A water task force report by Fresno State faculty and administrators and local agriculture leaders calls for strengthening the school’s programs and research aimed at educating the next crop of Valley water policy leaders and managers.
The report, which was released Friday, was comprised over the course of a year by a 19-person task force formed by university President Joseph Castro. Much of the report’s findings and recommendations are aimed at improving or creating new water education programs and academic curricula.
Among the recommendations were the creation of new majors and minors — as well as establishing a water-related graduate program — that will include more specified courses on water systems operations and management, irrigation technology and water resource management. Also suggested were more opportunities for students, such as internships at the Water and Energy Technology Incubator housed on campus.
The school offers a water management graduate degree through an online extension program, but no undergraduate degree programs are specifically focused on water policy or management.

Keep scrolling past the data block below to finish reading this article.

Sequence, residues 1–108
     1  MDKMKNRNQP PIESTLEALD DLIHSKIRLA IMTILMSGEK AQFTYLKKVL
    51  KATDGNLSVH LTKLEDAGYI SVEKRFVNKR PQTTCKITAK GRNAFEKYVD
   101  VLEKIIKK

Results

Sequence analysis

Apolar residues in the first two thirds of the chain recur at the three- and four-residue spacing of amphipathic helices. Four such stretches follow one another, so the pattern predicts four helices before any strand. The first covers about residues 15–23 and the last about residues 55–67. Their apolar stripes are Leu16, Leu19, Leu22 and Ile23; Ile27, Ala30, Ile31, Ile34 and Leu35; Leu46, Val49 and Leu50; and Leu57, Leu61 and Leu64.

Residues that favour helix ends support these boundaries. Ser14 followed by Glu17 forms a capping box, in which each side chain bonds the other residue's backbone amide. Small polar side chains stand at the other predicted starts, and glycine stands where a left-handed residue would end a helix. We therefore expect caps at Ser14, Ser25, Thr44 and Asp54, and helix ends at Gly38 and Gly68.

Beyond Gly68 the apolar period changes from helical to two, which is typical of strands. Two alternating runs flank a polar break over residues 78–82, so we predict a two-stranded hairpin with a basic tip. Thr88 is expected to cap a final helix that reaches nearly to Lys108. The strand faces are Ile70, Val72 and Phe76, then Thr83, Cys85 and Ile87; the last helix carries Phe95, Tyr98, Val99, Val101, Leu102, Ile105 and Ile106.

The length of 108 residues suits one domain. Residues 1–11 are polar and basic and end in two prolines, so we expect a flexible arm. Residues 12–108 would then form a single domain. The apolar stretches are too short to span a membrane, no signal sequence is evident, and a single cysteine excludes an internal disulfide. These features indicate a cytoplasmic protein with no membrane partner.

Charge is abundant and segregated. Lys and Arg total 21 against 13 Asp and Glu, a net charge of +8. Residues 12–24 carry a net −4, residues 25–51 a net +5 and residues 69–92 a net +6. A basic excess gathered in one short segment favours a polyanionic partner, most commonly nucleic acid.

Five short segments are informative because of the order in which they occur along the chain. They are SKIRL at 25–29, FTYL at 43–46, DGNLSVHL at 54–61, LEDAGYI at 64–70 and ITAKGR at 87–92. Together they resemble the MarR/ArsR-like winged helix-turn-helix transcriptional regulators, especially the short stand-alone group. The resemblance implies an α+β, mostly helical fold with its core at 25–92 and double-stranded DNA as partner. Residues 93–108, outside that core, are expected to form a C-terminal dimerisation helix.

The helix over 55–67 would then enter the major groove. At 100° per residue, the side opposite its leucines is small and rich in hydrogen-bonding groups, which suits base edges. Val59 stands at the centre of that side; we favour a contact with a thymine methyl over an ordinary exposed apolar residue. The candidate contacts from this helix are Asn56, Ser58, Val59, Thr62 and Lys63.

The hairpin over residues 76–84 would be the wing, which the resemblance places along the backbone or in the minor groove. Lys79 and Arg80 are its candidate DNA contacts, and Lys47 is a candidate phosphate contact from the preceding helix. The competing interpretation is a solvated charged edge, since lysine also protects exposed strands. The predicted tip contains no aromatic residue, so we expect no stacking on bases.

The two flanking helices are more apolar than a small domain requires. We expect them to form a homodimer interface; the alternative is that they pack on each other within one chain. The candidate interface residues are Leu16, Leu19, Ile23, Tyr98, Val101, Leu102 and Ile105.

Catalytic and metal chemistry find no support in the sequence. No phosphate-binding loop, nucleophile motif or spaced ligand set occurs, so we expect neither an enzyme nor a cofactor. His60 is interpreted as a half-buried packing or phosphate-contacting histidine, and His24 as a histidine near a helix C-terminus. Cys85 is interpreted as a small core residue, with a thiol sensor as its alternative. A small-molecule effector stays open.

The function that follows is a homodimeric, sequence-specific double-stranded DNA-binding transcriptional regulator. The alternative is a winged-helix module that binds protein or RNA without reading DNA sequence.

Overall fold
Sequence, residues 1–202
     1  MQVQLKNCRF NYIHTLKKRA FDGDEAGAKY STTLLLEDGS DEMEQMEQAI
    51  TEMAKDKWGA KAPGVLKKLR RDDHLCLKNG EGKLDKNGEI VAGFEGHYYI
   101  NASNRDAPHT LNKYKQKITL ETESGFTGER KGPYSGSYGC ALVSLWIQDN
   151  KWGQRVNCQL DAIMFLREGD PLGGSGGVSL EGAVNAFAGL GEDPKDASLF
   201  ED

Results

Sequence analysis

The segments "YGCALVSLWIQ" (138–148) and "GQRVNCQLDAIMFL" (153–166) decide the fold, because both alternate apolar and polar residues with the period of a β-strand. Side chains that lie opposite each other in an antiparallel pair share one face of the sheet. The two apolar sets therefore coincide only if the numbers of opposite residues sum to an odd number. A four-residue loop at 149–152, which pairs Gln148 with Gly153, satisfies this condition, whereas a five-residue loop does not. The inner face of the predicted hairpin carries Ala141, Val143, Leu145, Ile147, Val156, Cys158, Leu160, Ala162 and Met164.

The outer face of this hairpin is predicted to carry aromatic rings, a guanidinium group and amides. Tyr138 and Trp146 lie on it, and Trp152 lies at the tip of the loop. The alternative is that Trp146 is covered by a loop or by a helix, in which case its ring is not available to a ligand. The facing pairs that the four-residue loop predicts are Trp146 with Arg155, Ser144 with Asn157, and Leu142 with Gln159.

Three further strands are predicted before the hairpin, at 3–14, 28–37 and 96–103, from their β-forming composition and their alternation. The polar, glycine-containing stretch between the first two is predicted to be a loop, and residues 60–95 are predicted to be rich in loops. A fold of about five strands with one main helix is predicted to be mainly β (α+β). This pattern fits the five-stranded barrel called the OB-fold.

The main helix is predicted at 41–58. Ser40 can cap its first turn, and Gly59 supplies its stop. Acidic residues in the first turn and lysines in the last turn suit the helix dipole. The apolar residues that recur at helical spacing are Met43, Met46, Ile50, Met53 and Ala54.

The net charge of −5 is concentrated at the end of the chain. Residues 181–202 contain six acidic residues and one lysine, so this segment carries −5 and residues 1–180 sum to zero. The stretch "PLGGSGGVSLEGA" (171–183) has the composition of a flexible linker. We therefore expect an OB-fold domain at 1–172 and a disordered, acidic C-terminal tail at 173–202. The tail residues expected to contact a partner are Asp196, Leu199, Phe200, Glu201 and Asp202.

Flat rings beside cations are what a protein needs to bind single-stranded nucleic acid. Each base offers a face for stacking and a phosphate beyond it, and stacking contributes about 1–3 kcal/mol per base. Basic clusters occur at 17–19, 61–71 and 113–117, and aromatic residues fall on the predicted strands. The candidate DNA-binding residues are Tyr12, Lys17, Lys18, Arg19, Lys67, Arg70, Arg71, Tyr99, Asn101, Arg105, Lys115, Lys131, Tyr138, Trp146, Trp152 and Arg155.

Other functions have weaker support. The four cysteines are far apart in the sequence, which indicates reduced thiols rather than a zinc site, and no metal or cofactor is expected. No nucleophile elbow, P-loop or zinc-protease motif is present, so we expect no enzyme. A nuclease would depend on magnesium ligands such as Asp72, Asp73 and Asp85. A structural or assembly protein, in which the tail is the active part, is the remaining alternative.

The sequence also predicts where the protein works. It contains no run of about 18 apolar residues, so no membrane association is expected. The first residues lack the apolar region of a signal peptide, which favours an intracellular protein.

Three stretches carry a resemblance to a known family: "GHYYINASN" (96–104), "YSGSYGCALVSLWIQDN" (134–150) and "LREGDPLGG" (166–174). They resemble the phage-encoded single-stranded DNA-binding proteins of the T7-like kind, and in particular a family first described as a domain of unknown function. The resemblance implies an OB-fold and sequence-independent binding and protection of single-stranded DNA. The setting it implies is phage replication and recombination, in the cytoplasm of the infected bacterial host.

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The report also calls for the creation of a new administrative position, the “associate vice president for water programs,” that will oversee Fresno State’s efforts and serve as director of the California Water Institute. The task force said the new position would provide much-needed oversight and guidance in the university’s efforts to broaden its water programs, especially as it hopes to bolster degree offerings.
“Public perception is that Fresno State suffers from a lack of focus and coordination of activities,” the report said.
Castro created the task force in his first year as president.
“Fresno State is uniquely positioned to help the Central Valley and state shape our evolving water management practices,” Castro said.
“Located in the heart of the nation’s richest agriculture area, our university has an opportunity to dramatically strengthen connections between and among our faculty, staff and students from disciplines such as agriculture, civil engineering, earth science and public policy to create a new, bolder vision of how to use water more wisely in the 21st century.”
The report also called for the possible formation of an “executive committee for water” and an advisory board composed of regional water leaders.
A copy of the full report is available at http://bit.ly/FS-water-task-force-report.